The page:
And what about OS patching, like for security and anti-virus updates? Again, pDesk leverages the cloud for this, with users being able to select the level of "automatic-ness" they want to update their systems. (Notify only, notify and download, or full automatic install.) System administrators can even use the rich policy configuration options of the product to enforce specific settings.

The final area that's traditionally been a challenge for desktop virtualization vendors where pDesk shines is in the graphical performance of applications. They can support full Aero glass on Vista and (experimentally) Windows 7, and they can do so across multiple displays--regardless of each display's individual orientation. I saw a demo of this at dinner, and it was amazing. Full fidelity 1080p hi-def video and rich audio without ANY network bandwidth utilization. (Full diclosure: The source of the video was in their local "pCache". But still cool!)

The most amazing thing about pDesktop is that it's a client-based solution, so no additional servers to buy, no expensive datacenter storage, and no need for crazy network upgrades!

Pricing, licensing, and availability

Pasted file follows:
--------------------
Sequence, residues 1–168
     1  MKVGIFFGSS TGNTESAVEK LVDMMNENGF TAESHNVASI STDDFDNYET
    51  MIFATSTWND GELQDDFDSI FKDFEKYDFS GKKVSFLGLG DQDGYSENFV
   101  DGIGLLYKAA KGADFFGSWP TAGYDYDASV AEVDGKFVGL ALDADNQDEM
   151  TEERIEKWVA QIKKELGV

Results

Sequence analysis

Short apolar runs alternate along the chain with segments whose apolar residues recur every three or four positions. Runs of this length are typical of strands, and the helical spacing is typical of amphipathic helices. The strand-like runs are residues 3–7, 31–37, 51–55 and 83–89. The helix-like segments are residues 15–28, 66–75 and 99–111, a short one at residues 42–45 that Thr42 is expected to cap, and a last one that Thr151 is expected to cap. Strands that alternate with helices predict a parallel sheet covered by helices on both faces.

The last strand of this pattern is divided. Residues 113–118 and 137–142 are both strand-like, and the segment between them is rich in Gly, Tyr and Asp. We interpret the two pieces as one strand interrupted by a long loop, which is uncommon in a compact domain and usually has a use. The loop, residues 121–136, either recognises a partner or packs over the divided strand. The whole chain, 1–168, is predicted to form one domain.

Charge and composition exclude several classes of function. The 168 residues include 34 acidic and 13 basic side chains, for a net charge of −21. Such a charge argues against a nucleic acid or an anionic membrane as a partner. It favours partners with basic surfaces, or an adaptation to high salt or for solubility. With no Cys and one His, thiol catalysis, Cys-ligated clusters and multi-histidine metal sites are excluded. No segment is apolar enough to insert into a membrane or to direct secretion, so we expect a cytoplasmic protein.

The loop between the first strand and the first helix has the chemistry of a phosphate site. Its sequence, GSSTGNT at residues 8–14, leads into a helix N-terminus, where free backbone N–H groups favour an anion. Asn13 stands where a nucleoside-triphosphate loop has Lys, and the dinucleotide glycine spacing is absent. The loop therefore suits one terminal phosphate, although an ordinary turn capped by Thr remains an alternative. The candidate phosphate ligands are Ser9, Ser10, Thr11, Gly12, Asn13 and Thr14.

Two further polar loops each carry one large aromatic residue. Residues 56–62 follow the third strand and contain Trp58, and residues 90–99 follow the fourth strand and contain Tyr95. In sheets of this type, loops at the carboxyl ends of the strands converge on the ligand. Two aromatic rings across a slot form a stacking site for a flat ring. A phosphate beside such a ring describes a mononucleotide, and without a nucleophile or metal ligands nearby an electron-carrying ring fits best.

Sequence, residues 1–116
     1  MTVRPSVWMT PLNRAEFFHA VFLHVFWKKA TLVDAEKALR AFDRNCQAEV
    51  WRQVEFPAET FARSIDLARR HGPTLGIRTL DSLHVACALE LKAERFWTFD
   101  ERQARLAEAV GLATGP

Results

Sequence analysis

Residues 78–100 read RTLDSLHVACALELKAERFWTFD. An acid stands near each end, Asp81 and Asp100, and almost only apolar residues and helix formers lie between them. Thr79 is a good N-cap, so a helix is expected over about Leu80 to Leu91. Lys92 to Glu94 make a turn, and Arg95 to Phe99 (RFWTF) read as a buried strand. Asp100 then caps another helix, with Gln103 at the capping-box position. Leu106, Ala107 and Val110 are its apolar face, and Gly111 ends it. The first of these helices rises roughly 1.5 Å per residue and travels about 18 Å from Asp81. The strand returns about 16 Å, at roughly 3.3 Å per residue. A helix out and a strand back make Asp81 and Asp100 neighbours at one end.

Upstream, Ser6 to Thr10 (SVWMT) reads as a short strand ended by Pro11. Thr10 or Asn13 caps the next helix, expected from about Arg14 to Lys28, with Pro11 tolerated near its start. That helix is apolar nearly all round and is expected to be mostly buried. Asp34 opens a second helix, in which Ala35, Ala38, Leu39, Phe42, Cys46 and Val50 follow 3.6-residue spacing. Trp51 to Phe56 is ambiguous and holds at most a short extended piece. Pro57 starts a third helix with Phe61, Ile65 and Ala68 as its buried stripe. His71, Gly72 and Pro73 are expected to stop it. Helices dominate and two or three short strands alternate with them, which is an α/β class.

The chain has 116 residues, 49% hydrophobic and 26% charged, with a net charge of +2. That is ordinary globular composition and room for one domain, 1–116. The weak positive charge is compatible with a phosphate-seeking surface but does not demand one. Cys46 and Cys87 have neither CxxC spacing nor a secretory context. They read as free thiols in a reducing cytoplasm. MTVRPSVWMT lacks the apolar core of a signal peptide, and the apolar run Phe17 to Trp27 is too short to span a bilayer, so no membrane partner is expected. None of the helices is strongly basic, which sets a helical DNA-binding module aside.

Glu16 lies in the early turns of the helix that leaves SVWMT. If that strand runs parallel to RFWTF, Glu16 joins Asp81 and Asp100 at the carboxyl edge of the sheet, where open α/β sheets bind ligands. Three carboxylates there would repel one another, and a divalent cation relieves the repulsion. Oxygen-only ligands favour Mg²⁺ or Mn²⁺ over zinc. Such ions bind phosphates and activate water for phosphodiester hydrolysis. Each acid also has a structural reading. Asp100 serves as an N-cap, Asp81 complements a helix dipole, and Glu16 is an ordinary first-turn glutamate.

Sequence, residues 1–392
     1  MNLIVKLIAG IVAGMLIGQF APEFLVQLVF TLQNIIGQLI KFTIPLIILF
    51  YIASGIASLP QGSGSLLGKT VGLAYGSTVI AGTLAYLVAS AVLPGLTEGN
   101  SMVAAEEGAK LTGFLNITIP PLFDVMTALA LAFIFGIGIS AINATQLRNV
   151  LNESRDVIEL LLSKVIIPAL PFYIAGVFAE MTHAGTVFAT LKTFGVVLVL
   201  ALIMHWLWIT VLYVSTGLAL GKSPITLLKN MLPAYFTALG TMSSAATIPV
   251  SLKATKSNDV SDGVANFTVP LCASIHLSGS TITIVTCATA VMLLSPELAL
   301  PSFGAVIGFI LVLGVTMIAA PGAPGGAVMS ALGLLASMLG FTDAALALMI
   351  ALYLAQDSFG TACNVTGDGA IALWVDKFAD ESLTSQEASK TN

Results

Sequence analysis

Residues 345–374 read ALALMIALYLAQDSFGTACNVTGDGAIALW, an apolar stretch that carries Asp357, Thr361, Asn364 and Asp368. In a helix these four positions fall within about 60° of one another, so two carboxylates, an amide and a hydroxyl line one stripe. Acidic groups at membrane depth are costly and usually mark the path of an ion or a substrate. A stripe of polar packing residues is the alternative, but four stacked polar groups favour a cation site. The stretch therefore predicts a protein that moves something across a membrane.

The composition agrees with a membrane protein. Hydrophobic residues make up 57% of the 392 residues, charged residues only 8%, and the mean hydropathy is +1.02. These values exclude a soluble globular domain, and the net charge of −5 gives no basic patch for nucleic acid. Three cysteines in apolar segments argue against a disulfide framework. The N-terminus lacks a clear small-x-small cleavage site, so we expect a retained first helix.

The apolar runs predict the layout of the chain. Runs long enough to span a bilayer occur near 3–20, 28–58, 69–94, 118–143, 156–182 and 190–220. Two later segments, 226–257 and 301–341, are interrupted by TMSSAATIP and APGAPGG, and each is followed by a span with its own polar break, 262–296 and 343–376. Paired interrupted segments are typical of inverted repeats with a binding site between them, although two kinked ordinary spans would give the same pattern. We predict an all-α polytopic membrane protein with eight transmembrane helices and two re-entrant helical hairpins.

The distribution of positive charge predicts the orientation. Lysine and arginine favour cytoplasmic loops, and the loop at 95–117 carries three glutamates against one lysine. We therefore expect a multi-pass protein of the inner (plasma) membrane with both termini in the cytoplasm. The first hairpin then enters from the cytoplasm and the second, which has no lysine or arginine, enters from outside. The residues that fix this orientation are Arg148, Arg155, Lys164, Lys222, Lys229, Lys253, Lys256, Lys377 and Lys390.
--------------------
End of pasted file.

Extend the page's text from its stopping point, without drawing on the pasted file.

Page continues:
pDesktop 6.0 (the first product released from pDesk) is available now in several editions:

  • pDesk Express Edition, free, base product only.
  • pDesk Advanced Edition, $100 per CCU, adds the "roaming" personality capability for up to two machines.
  • pDesk Enterprise Edition, $200 per CCU, all 'Advanced' features, plus increases the "roaming" personality to four machines.
  • pDesk Premier Edition, $900 per CCU, all 'Enterprise' features, plus increases "roaming" to unlimited number of machines, adds offline support, user personality support, user installed apps support, peripheral support, power state persistence support, cloud-based OS patching support, native performance support, laptop support, client hard disk and SSD-based caching support, domain support, full application compatibility support, full read/write local cache support, printing support, multiple display support, policy support, Aero glass support, internal cloud support, and user uninstallation support.

Maintenance is 20% per year and mandatory.

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April fools... the day is nearly over in my country.

And brian those lic costs are killer... i like the 900 per user one :-P


Amazing! (don't listen to the cynics Brian) As soon as the on-line ordering page comes up I'm in for 10,000 premier licenses (how can they do it for that price??). This is real innovation - Citrix and VMWare better be worried. I love the idea of giving users control over security; its going to make it much easier to manage. Do you think they'll enter the server un-virtualizaion market too?


Hmmm looks like Luflogix emerged from bankrupcy and re-org'd under pDesktop.  Brilliant move! ;)



I gotta give props to Gabe and Brian for putting some though and effort into it.



That was good.  Well done :)


Interesting read, but not a good April fool.


This sounds like Moka5 plus a few features that you would like to see, or is that the big joke you pull us on after the interview?